County ranks 33rd in child well-being
by Daniel Gaddy
Sep 29, 2010 | 1118 views | 0 0 comments | 10 10 recommendations | email to a friend | print
According to a report released by a child advocacy organization, Walker County and Alabama improved in several areas relating to child safety, health and education.

VOICES for Alabama’s Children released its publication Alabama Kids Count Data Book Tuesday. The report provides data regarding factors that relate to child well-being in the state.

The book covers indicators such as infant mortality rates, standardized test scores and the amount of children living in poverty for each county. Walker County ranked 33rd overall in the list of 67 counties.

In general, northern counties in the state like Shelby and Cleburne counties received the best rankings in the state while southern counties like Dallas and Lowndes ranked the lowest.

Alabama saw improvements in the amount of births to unmarried teens, the rate of child deaths and the frequency of births to unmarried teens not finishing high school.

Linda Tilly, executive director of VOICES for Alabama’s Children, said the reduction in child deaths is due in part to statewide policies requiring children to be placed in booster seats. She said VOICES pushed Alabama lawmakers to enact those policies.

“VOICES made child passenger safety a top legislative priority,” she said in a press release. “It’s made a big difference.”

Despite the strides made by the state, Alabama ranked 47th overall in the nation according to the organization’s data book.

According to the report, Walker County made improvements in factors such as the number of first-graders having to repeat the grade level, from 9.1 percent in 1998 to 5.1 percent in 2008; and preventable teen death rates, from 116 reported cases to 92.4. However, Walker County worsened in the area of low infant birth weight, from 9.1 percent to 9.8 percent.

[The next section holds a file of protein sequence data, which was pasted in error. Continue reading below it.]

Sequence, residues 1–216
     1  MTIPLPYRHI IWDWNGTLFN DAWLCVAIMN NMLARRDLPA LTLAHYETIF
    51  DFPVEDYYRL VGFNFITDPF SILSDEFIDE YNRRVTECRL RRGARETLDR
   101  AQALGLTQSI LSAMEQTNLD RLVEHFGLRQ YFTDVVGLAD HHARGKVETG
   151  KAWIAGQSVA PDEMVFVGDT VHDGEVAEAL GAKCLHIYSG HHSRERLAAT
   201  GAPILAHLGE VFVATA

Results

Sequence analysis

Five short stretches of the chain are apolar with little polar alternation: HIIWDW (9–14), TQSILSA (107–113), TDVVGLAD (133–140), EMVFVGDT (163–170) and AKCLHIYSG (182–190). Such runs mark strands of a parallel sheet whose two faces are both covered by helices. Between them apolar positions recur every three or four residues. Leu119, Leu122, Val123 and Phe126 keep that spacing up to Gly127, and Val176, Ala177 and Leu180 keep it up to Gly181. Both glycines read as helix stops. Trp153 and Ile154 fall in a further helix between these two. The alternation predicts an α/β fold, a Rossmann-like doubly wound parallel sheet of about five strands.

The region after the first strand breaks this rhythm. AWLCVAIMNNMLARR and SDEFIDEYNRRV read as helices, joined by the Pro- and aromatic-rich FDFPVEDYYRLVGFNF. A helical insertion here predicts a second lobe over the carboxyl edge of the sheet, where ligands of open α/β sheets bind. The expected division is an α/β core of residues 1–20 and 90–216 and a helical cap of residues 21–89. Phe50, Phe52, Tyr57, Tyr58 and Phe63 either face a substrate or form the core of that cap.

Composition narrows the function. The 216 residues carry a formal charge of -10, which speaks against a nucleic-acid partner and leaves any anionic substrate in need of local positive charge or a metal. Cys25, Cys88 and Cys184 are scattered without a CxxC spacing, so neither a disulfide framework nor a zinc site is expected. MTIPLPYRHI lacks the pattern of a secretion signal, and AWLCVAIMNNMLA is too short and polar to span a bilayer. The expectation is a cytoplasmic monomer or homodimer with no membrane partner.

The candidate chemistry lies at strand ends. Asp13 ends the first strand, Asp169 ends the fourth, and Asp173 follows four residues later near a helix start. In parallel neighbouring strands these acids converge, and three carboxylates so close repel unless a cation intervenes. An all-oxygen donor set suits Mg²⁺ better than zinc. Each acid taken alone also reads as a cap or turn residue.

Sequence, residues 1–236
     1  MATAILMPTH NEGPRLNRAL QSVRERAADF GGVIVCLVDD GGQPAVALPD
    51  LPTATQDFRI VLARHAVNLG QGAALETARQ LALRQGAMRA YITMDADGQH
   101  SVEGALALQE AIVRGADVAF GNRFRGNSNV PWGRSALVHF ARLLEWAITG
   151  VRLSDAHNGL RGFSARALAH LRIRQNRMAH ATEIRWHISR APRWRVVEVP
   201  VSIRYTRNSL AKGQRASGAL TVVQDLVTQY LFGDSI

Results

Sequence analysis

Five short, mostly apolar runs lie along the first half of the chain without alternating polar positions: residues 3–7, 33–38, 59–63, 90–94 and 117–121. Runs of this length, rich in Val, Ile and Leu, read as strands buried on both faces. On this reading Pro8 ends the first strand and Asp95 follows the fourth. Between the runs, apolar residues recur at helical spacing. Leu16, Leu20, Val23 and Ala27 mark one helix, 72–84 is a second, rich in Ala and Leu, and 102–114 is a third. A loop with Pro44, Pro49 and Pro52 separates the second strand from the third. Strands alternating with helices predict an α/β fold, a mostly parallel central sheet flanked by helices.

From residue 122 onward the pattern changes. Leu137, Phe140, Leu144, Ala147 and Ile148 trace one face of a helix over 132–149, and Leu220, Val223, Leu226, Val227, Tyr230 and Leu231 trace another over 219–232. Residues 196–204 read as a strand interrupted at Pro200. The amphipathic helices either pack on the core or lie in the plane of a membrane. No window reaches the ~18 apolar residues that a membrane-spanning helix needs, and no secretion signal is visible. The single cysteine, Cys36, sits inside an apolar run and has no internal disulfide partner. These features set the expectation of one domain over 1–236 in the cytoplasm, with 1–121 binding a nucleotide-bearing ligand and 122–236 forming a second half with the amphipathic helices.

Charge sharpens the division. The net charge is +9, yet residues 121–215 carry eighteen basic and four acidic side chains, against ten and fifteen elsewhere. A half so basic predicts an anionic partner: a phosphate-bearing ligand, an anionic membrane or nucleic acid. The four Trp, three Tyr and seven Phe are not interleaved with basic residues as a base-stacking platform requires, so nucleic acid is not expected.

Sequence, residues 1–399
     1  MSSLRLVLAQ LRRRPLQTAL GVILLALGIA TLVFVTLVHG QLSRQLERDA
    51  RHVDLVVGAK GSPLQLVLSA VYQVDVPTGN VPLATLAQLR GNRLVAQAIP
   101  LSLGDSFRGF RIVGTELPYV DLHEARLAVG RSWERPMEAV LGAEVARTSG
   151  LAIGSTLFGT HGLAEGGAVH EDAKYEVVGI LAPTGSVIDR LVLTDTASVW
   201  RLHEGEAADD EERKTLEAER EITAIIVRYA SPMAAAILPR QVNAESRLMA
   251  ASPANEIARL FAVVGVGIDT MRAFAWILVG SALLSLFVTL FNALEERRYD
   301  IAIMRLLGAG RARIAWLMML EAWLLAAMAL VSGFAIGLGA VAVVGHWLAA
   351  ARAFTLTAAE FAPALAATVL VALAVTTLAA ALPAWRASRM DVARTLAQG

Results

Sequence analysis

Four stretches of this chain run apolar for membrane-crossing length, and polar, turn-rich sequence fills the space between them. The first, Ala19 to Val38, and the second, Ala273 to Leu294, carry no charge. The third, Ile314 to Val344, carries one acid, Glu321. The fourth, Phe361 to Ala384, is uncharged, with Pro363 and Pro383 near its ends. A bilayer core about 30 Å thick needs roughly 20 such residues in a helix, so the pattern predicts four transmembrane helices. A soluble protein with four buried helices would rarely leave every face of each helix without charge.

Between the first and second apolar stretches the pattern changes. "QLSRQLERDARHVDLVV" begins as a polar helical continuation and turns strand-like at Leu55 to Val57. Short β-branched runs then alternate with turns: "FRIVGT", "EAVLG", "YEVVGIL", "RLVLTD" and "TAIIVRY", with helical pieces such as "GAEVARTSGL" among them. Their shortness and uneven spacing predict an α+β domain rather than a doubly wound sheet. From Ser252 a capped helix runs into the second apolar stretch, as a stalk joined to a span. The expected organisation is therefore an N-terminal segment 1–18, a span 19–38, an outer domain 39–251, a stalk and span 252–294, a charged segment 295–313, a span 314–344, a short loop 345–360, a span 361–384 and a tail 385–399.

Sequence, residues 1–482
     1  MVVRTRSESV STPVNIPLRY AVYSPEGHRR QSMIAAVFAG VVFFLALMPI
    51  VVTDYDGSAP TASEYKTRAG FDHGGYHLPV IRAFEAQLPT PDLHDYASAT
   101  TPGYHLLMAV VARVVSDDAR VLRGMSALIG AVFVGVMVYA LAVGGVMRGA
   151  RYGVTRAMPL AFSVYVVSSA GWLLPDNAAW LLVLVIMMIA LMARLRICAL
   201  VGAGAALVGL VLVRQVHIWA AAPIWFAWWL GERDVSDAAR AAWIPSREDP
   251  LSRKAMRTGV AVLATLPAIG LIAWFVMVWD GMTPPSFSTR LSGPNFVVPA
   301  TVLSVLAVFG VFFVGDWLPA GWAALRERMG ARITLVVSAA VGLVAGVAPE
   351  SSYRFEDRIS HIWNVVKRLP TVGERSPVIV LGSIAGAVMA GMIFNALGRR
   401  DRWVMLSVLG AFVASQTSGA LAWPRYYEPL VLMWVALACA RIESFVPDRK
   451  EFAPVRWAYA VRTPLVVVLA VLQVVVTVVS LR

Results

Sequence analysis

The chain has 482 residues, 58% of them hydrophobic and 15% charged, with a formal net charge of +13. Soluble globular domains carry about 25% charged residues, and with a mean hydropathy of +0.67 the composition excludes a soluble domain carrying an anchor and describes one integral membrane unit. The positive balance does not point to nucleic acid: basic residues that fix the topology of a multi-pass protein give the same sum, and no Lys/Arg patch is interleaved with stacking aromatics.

The organization’s data book also included data from standardized tests and graduation rates. VOICES included results from state third-graders’ reading and math scores. Officials with the group say a child’s academic progress in the third grade is representative of his or her success throughout grade school.

Third-graders in the Walker County School System improved from the 2004-2005 school year to the 2008-2009 school year, according to the group. The report states 43 percent of city school students scored at a level 4 or the highest reading proficiency in 2005. In 2009, that rate grew to 51 percent. For math, the percentage of children scoring in the highest proficiency grew from 41 percent to 48 percent. However, the school districts graduation rate fell from 47.5 percent in 2000 to 45.3 percent in 2009.

The Jasper City Schools’ graduation rate grew from 72.6 percent to 77.3 percent from 2000 to 2009. The school district also had its third-grade math proficiency rate grow from 63 percent to 69 percent.

Jasper City Schools Superintendent Robert Sparkman said the group’s figures for reading and math don’t tell the whole story. He said children who score in level three of the Alabama Reading and Math Test are considered proficient, too. If those scores are factored, the school district’s third-grade math proficiency rate changes to 89 percent in 2005 and 92 percent in 2009. For reading proficiency, 90 percent of city third-graders scored at level three or four in 2005 and 92 percent did so in 2009.

Sparkman added he is not sure how the VOICES report calculated graduation rates, but the data he has seen puts Walker High School’s graduation rate at 89.6 percent.

Efforts to reach Diana Little, director of assessment for Walker County Schools, were unsuccessful Tuesday.

Third-graders throughout Alabama improved in reading proficiency, from 45 percent to 53 percent; and math proficiency, from 63 percent to 69 percent. However, the state’s graduation rate fell from 65 percent to 62 percent.

Tilly said in the press release that officials from VOICES hope Alabama lawmakers will take a close look at the organization’s data.

“Families and local programs greatly contribute to the life outcomes for children, but so does public policy,” Tilly said. “Our leaders need to remember that they represent not only the adults of their districts but the children as well, and they need to know how the children are doing.”